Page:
Can I survive a free fall by carrying a very light and resistant ramp using a rope?

enter image description here

Note: lets assume the ramp is a little bit heavier at the bottom and I am very skilled at making it always land correctly, also I am wearing a ultra-oiled suit.

  • 9
    $\begingroup$ This made my day! $\endgroup$ – Cactus BAMF Dec 19 '12 at 0:07
  • $\begingroup$ This is a good question. I reckon it would be better to carry a tall slide around and a suit with a highish friction coeff as reversals of momentum involved in your plan seem like they would be completely fatal. This almost the sort of thing you could ask this guy: what-if.xkcd.com $\endgroup$ – Nathan Cooper Dec 19 '12 at 11:01
  • $\begingroup$ Are you inventing a new extreme sport? $\endgroup$ – kojiro Dec 19 '12 at 14:02
  • 1
    $\begingroup$ If I was a teacher I would totally being asking my class to calculate how to make this work in practice... $\endgroup$ – Nic Dec 19 '12 at 16:10

You will die.

Terminal velocity is a bit more than 50 m/s. The bottom of your ramp appears to have a radius less than 2m. That means you'll be exposed to more than 125g as you zip around the bottom. Nice knowing you.

  • 3
    $\begingroup$ Maybe you can estimate what the radius should be to make it work? $\endgroup$ – Bernhard Dec 19 '12 at 9:41
  • $\begingroup$ accleration scales with 1/r, so multiply that by ten or so $\endgroup$ – Mark Eichenlaub Dec 19 '12 at 10:52
  • 4
    $\begingroup$ Since you assume the scale of the drawing is relevant, may I point out that he is not falling very far and unlikely to have reached anything like terminal velocity? (Not to mention we don't know anything about drag on stick figures.) $\endgroup$ – kojiro Dec 19 '12 at 14:00
  • $\begingroup$ Also, consider that a very light ramp could also serve as a moderately effective parachute. It would at least affect the terminal velocity of the system. $\endgroup$ – InvisibleBacon Jan 11 '13 at 19:50

In the global, cartoon, sense, yes, this problem is equivalent to having a whole row of carefully designed, placed and arranged ramps so that you fall onto the first one, get "flung" out such that you then land on the next one and so on, until dissipation wastes away the energy. Obviously this can be done since it is the same principle as is used in say motorcycle jumps. The key feature is that you never experience accelerations large enough to kill you (it's not the fall that kills you, it's the sudden stop at the end).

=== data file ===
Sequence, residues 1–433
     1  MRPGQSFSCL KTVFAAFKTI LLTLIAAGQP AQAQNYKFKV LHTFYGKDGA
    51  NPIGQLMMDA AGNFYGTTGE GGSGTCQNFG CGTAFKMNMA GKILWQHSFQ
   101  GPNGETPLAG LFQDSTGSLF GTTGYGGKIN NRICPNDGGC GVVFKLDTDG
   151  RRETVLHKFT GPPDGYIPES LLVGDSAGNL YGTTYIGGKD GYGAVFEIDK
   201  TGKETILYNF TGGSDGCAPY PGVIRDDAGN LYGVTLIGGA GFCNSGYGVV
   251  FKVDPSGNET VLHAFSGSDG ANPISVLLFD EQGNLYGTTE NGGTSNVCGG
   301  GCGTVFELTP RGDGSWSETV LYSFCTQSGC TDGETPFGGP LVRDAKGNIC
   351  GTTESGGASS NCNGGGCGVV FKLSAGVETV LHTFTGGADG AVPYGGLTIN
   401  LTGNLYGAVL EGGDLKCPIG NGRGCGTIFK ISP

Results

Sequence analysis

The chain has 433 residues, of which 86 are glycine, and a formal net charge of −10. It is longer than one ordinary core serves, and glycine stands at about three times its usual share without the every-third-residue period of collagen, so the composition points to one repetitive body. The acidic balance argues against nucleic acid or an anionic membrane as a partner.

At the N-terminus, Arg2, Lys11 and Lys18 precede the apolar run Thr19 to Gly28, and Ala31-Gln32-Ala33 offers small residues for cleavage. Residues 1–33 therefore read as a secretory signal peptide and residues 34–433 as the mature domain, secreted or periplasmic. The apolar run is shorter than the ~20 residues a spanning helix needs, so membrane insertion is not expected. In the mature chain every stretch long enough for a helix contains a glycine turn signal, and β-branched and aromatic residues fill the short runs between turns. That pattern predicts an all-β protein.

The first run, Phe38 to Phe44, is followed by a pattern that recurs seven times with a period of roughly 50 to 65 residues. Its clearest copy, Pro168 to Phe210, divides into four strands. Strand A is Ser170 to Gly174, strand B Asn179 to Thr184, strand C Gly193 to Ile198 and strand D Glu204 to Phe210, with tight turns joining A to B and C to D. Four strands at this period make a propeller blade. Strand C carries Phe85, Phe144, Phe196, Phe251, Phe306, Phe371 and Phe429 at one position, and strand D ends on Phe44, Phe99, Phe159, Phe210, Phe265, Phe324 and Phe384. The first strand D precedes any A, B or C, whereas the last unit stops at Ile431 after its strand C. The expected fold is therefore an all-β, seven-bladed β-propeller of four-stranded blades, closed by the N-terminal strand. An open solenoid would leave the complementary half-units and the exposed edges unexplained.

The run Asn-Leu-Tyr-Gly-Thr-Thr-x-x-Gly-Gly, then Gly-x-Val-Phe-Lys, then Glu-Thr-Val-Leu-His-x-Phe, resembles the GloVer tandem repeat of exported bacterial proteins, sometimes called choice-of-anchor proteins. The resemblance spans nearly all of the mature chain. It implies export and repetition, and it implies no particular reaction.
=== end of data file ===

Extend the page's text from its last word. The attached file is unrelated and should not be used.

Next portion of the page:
It is all the details will cause problems.

  • First, with just a rope, you don't have any control over how/where the ramp will land, you may not hit the gentle slope-part and thus have a hard impact,
  • Note that the ramp itself will need to be strong enough to survive its own impact, as well as resisting the (ideally small) impact of your body. In addition, it will need to be large enough that the centripital (sic?) force applied to your body is small enough to not cause any damage (this is significantly larger than indicated in the drawings). This is a non-trivial design problem.
  • Another design aspect is the trade-off between having the ramp be light enough so that your tethered connection to it doesn't hurt you, and having sufficient elasticity in the tether itself, the more slop in the tether. Note that having a large, low weight ramp will encounter more air-resistance, and thus you'd hit the ground before it.
  • You implied multiple bounces, this could be accomplished by arranging that you hit the ramp in the reverse direction for the second bounce. But again, there are control issues in ensuring that this would occur.
  • $\begingroup$ If you could somehow get the ramp to flip front to back as it flies though the air, it would be the right shape to catch you and fling you back up vertically. Repeat until non-lethal :) $\endgroup$ – Nathaniel Dec 19 '12 at 11:08

To put this in perspective: Apart from the speed lost due friction in the ramp (which, for the scale of it, won't make much of a difference) , when you exit the ramp you need to decelerate by applying the force to the ramp through the rope.